In Sweden the 'solution' was to sterilise unmarried mothers. They also made some have abortions. They also had institutions in which abuse was widespread. The policy of sterilising unmarried mothers was explicitly a Social Democratic policy and lasted from the mid-1930s until the mid-1970s.

It was a form of eugenics. The mentally handicapped were sterilised and so were tens of thousands considered to be guilty of 'asocial' behaviour. That category included unmarried mothers.

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'Asocial' types were considered to be a threat to a well-functioning welfare state. They were offered financial inducements to be sterilised, but victims of the policy have testified that they were sometimes forcibly sterilised and made to have abortions.

Try to imagine these stories on the Irish airwaves. Try to imagine women describing how the Irish State had sterilised them so that they could have no more children, even after they married, and in some cases had aborted the only child they would ever have.

Now try to make the story stick that our treatment of unmarried mothers was somehow particularly Irish and particularly Catholic.

Ask yourself also why so few people know that tens of thousands of Swedes (95pc of them women) were sterilised as a result of a policy designed to eliminate 'asocial' behaviour. Ask yourself why the international media hasn't given this the same obsessive and hysterical coverage it has given to the Tuam babies story, one that has been exaggerated in many cases out of all proportion?

When a given country and a given religion are constantly singled out and their sins held up before the world in this way, we have a right to ask why this is so.

Why is it so? Other countries have had terrible scandals. Other countries treated unmarried mothers and their children appallingly. Other religions had the same attitude to unmarried mothers, and very secular, social democratic countries like Sweden were ruthless towards them.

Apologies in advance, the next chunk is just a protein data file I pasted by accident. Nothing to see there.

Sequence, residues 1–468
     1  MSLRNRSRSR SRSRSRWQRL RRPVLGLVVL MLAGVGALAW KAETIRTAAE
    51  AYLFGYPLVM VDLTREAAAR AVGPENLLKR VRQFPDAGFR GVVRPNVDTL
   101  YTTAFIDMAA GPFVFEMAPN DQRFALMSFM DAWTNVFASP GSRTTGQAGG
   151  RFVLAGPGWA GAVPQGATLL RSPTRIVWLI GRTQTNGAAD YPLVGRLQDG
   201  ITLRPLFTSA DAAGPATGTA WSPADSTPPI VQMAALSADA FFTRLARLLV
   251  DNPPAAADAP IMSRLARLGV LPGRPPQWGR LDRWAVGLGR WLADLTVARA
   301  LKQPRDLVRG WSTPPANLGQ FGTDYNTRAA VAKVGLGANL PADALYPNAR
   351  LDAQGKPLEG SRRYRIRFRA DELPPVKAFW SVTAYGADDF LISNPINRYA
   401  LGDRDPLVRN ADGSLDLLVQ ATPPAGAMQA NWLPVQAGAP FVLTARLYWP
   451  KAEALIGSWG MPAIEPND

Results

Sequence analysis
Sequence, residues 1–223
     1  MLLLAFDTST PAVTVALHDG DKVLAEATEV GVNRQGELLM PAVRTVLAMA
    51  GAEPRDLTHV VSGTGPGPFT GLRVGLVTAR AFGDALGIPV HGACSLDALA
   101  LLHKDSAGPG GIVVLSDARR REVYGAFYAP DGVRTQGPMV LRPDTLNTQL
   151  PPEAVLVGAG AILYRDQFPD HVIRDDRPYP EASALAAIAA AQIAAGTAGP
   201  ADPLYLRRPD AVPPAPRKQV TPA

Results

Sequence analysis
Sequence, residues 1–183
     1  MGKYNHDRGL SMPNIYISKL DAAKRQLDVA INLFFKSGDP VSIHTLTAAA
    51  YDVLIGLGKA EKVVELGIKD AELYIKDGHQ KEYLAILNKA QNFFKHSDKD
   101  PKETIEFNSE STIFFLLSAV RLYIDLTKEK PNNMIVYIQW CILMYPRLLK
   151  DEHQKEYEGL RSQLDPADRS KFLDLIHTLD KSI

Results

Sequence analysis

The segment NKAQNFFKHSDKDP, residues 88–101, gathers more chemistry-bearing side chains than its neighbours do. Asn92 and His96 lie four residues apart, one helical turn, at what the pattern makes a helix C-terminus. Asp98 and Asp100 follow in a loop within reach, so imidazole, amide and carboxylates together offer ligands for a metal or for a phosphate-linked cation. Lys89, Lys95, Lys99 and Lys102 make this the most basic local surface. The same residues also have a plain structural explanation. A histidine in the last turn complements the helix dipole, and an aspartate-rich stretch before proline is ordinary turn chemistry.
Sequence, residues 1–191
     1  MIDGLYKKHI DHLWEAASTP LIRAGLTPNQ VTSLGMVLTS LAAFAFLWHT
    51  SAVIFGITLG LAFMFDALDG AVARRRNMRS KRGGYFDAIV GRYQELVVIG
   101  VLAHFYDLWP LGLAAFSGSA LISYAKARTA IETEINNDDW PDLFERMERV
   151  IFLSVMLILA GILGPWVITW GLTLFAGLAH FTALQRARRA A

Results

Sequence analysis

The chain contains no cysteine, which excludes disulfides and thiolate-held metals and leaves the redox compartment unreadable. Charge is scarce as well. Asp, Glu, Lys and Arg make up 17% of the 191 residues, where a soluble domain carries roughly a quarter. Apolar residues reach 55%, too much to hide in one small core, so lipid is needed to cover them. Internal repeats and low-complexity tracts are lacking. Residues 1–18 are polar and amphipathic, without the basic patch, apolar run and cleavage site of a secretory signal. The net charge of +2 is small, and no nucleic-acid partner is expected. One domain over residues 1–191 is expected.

Why does it suit so many people, here and overseas, to paint Catholic Ireland as a dystopia, something on a par with Stalin's Russia or Pol Pot's Cambodia and why are our politicians, including Enda Kenny so inclined to go along with this?

What is also incredible is that some of the same people who are waxing most indignant about the mother and child homes think an equivalent scandal today is the fact that 4,000 Irish women have to travel to England each year for abortions. But that is how we deal with unwanted children today; we abort them, and many of us want them to be aborted on Irish soil in the name of 'choice'. There are no graves, marked or unmarked for these children. So we should not be proud of how we deal with unwanted children today and we should not be proud of the fact that we often prefer abortion to adoption. We are to have the inevitable and necessary inquiry into the homes. But it cannot simply focus on church-run mother-and-baby homes. It must also look at the county homes. In addition, it must look at how other countries dealt with unmarried mothers and their children for the sake of fairness.

That is to say, the inquiry must be properly rounded, not driven by an agenda and give us real insights into how we should deal today with 'inconvenient' children.